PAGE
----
Back in July we moved out to Bainbridge Island. I still can't quite believe that this life is real.
I've lived in a lot of different places in Seattle. Beacon Hill, the U-District, Columbia City, Cheasty, West Seattle, Maple Leaf, Greenwood, and Beacon Hill (again), in that order. As cities go, Seattle has a lot more green space than most, but it's still a city. I go downtown to work now (I never spent much time downtown). It's all tall buildings, litter, and it smells like piss, not to be too one-sided about it, but it is a city after all. The wind gets going off the water through those skyscraper canyons, up the mountainous hill climbs and it can feel downright hostile. I've never understand what it is that people get from living in a super dense downtown. I get the being close to night life and walkability part of it, but why chose to live somewhere where the only nature is stunted, token street trees. I suppose there are some beautiful views out over the Sound, with the islands and mountains off across the water. So why not go live out there?
The thing I will never cease to marvel at about living on Bainbridge is that this life exists at all. Here is my life right now: I wake up in our nice (expensive, rented), ground floor luxury condo, lay on the floor and stretch, dress in the dark as the first rays of light drift across the sky, feed the cat (who has been waiting patiently and rubbing against my leg imploringly), and walk out the door. I walk 3 minutes down to the ferry and straight on to the boat with the morning commuter crowd. This is my commute: I sit in a big comfy seat looking out across the indescribably beautiful Puget Sound on a giant boat for 35 minutes as we draw nearer and nearer to the picture perfect Seattle skyline. Sometimes I sleep, most often I read. I've seen seals alongside the boat and seal gulls drafting along just beyond reach above deck. When we arrive, everyone files off the boat and sometimes I pick up a paper that has been left out on the recycle bin to look over the headlines. It's a 10 minute walk to work through downtown. They're rebuilding the sea wall, so the waterfront is all torn to hell with construction and the bridge over from the dock always always smells like piss. I think people sleep under the viaduct there to stay out of the rain. Sometimes in the morning eager youth pass out free samples of yogurt or granola bars. Sometimes local politicians ride the ferry and invite people to chat. The Kitsap library system does some kind of ferry rider's book club. The ferry ride itself is basically the social forum for the island. I find out about all the events from fliers posted on the ferry, and anyone running for office, promoting a cause, or even one time the high school football team passes out leaflets to people boarding the ferry. Sometimes on the way home a woman plays a cello and every day on the 5:30 ferry a middle-aged-but-tough-looking Asian woman does yoga up on the sun deck. Some people frantically circumambulate around the boat trying to get their exercise in. There is a cafe on the main deck serving beer, wifi, a sun deck, and a quiet room upstairs, something for all types. On the way home, I've seen incredible pink-purple-orange-red sunsets, and days so desaturated that the mist blurs the water and sky as one slightly glowing solid, defracting the evening light and spreading it evenly in every direction. It's nice to have this transition period between home and work, and, for me, to have a time during each day dedicated to reading. Riding the ferry every day is kind of like meditating, taking a deep breath, a way to focus, and prepare yourself for what lies ahead.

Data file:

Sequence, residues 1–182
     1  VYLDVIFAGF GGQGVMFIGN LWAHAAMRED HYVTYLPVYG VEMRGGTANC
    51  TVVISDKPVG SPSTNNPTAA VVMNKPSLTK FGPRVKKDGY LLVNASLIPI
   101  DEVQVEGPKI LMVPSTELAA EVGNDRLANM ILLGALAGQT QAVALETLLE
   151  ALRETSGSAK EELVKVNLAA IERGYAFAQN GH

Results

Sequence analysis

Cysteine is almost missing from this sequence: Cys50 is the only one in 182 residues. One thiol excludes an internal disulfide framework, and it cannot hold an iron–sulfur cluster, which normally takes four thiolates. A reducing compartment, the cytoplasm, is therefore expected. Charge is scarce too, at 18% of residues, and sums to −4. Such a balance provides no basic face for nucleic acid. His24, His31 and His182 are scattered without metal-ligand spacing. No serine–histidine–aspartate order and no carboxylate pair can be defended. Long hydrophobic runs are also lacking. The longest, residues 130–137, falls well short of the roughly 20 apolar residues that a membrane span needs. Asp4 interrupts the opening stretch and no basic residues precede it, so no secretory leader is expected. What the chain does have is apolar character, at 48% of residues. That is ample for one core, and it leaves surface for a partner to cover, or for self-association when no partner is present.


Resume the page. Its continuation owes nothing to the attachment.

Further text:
The little town center on Bainbridge is very cute, wealthy, and walkable. In fact, this is the most walkable place I've lived in Seattle so far. There are 2 grocery stores within a mile, a free Art Museum, a local ice cream spot, nice restaurants, a monthly art walk, and a Performing Arts center that actually has good stuff. We just saw Hair the musical and man, I have never paid money to see so many naked people before. It was great. And then there is all of downtown Seattle, just a couple steps out the door. I simultaneously live in a small seaside town and have access to all the fancy jobs and entertainment of the big city. Is there anywhere else in the country like this? It is, in a word, incredible. Beyond belief. Beautiful. And I haven't even described the parks here. Well, I suppose you'll just have to come out and see for yourself. But if you do, you may not want to leave.